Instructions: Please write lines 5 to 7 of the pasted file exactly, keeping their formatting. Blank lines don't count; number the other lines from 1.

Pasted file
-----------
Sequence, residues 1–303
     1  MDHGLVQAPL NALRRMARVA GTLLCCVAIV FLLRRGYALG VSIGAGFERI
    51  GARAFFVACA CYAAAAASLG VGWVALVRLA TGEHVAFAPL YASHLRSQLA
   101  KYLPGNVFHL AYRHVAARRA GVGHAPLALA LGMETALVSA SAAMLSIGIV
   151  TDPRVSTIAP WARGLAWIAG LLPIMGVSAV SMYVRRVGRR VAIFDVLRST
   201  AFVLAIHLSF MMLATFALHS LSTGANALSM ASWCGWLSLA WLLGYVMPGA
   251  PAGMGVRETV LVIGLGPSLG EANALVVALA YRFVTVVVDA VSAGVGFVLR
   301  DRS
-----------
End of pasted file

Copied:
   151  TDPRVSTIAP WARGLAWIAG LLPIMGVSAV SMYVRRVGRR VAIFDVLRST
   201  AFVLAIHLSF MMLATFALHS LSTGANALSM ASWCGWLSLA WLLGYVMPGA
   251  PAGMGVRETV LVIGLGPSLG EANALVVALA YRFVTVVVDA VSAGVGFVLR